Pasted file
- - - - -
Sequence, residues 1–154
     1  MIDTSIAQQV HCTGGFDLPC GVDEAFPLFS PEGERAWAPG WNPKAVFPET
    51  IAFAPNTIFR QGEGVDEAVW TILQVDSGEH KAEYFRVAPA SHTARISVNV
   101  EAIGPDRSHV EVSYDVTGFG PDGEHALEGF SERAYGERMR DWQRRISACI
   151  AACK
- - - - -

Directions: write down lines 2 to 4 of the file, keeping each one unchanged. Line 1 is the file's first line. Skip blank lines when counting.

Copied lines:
     1  MIDTSIAQQV HCTGGFDLPC GVDEAFPLFS PEGERAWAPG WNPKAVFPET
    51  IAFAPNTIFR QGEGVDEAVW TILQVDSGEH KAEYFRVAPA SHTARISVNV
   101  EAIGPDRSHV EVSYDVTGFG PDGEHALEGF SERAYGERMR DWQRRISACI